HUO In the ’90s you began a series called Reconstructions that continues to this day. Within Reconstructions there are a lot of subcategories, like “Drifting and Sliding Pictures” and “Deformed Symmetries.”

RP Yes, I work differently to summon quasi-random elements. “Drifting,” for example—what does that mean? I smear paint on a canvas, then arrange it symmetrically with materials like plexiglass and aluminum. Then I jump on the plexiglass and slip on this jellylike substance beneath it. This collides with the paint and aluminum. I do this two or three times, one on top of the other, and that’s why the series is called “Drifting and Sliding,” because of these slides during the procedure.

HUO So it doesn’t repeat in the usual sense?

RP Exactly. And that leads somewhere else. This is my hope—that I always get somewhere I can’t find otherwise. Always try to find new ways. An unknown landscape. This is a very poetic affront. I think that’s what often happens, that you go into the fog and feel your way through.

Artwork © Rudolf Polanszky; photos: Ealan Wingate, unless otherwise noted

Rudolf Polanszky, Gagosian, 541 West 24th Street, New York, March 3–April 11, 2020

Installation view of work by Rudolf Polanszky at Gagosian, 541 West 24th Street, New York, March 3–April 11, 2020.

Rudolf Polanszky: Reconstructions

Gagosian director Ealan Wingate describes his first visit to Rudolf Polansky’s studio outside Vienna and discusses the development of the artist’s practice—from his early works informed by the legacy of the Viennese Actionists to the Reconstructions, an ongoing body of assemblage-type wall works and sculptures.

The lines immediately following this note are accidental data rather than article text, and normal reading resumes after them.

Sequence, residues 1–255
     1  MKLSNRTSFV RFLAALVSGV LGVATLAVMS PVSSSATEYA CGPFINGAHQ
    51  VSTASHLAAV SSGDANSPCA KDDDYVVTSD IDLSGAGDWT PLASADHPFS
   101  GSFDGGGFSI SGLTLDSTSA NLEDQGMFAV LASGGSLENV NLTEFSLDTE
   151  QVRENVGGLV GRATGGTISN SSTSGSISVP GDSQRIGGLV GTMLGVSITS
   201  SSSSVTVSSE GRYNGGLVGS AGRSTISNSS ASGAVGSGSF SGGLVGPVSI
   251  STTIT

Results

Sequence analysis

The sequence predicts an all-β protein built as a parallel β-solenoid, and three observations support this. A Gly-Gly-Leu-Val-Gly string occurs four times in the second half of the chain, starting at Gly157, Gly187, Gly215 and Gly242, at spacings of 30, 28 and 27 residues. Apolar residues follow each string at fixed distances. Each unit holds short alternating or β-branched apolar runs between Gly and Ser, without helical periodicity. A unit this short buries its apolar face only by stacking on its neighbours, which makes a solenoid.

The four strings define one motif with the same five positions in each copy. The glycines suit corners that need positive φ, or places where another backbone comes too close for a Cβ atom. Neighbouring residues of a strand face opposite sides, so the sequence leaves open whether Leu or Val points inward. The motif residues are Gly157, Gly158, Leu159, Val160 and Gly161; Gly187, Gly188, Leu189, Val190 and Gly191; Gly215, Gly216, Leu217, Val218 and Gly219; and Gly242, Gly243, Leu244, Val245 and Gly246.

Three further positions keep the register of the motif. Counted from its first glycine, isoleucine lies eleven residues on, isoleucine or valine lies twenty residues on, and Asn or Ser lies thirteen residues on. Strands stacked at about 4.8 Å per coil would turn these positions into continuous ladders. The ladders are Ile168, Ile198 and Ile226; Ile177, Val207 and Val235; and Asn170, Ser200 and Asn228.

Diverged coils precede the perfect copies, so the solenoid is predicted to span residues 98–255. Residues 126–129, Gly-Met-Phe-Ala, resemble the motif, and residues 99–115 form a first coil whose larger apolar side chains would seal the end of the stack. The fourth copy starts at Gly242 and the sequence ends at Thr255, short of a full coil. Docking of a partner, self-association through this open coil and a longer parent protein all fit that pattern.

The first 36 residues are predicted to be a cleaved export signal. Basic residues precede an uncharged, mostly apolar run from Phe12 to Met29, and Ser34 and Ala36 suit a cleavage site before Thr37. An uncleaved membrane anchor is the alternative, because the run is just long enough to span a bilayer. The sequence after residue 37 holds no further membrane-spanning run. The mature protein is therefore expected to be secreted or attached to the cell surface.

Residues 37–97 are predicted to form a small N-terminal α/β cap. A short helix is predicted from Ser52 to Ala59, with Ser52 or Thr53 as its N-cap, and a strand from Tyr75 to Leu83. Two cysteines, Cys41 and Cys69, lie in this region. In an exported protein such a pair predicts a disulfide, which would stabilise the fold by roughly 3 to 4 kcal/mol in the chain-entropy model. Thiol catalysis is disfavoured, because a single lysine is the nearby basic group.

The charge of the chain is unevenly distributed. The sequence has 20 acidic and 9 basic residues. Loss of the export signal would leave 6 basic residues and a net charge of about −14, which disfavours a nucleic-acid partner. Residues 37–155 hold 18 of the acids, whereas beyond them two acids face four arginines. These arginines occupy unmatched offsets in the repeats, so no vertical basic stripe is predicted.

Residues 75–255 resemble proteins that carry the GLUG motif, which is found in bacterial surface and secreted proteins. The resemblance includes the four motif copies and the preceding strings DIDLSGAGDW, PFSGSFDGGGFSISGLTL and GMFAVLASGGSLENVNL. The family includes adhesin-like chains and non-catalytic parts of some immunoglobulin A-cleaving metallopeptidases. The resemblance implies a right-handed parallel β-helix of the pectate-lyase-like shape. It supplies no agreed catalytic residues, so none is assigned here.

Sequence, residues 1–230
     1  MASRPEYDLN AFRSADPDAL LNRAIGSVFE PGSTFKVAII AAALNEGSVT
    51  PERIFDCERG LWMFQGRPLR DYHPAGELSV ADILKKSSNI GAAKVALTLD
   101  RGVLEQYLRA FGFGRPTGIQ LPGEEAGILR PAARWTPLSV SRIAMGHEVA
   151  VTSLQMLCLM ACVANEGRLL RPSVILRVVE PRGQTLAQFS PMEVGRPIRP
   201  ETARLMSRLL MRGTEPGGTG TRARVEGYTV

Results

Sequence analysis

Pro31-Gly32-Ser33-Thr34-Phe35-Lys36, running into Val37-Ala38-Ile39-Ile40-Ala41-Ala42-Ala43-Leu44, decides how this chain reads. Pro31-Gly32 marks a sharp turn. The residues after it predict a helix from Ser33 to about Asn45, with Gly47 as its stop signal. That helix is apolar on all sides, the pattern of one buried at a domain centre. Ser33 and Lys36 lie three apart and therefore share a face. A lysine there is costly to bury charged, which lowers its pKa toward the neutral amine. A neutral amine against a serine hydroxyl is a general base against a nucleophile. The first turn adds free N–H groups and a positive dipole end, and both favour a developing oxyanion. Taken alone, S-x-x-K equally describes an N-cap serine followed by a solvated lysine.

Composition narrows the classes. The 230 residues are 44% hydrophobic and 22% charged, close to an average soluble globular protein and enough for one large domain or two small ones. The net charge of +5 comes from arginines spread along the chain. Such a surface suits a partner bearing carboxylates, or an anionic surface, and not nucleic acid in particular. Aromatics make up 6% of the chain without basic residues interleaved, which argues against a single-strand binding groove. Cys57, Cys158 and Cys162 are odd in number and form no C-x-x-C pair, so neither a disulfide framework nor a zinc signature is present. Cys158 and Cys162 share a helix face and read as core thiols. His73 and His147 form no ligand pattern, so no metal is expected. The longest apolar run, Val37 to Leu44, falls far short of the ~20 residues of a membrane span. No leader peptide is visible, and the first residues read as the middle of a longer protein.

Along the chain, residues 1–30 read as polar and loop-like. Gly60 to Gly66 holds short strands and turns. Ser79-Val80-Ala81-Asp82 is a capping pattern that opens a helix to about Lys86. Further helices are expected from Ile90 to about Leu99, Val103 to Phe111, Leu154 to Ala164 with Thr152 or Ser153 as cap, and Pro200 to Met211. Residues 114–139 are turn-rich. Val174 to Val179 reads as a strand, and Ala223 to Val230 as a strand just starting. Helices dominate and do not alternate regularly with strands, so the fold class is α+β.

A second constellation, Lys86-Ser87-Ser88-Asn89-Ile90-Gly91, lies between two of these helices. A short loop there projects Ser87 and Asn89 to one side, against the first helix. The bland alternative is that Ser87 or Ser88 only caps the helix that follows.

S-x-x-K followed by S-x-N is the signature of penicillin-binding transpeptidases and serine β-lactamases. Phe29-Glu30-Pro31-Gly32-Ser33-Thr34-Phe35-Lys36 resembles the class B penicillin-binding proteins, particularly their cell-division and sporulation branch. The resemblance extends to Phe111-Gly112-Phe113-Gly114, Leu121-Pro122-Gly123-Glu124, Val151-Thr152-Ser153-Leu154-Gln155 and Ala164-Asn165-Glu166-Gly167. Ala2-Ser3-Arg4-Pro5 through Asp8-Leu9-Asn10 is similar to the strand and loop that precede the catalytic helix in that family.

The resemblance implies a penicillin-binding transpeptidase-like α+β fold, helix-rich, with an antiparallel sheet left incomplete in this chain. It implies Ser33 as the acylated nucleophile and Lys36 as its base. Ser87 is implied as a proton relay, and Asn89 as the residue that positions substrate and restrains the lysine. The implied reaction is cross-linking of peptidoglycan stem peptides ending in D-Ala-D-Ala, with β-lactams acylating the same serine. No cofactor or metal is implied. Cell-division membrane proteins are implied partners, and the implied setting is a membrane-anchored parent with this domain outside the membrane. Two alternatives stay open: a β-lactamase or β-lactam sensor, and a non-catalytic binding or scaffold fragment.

Cover of the Winter 2019 Gagosian Quarterly, featuring a selection from a black-and-white Christopher Wool photograph

Now available
Gagosian Quarterly Winter 2019

The Winter 2019 issue of Gagosian Quarterly is now available, featuring a selection from Christopher Wool’s Westtexaspsychosculpture series on its cover.

Still from video Visions of the Self: Jenny Saville on Rembrandt

Visions of the Self: Jenny Saville on Rembrandt

Jenny Saville reveals the process behind her new self-portrait, painted in response to Rembrandt’s masterpiece Self-Portrait with Two Circles.

Before and After the Fall

Before and After the Fall

Richard Calvocoressi examines the trajectory of pre- and postwar German and Austrian art from the 1930s through the mid-1950s, revealing how the events leading up to and following World War II affected this generation of artists.

Rudolf Stingel

Rudolf Stingel

In July 2017, a special installation of paintings was shown at Casa Malaparte, Capri, the famous house built by the author, publisher, diplomat, and filmmaker Curzio Malaparte.

Gagosian Quarterly Spring 2017

Gagosian Quarterly Spring 2017

The Spring 2017 Gagosian Quarterly featuring a cover by Rudolf Stingel is now available.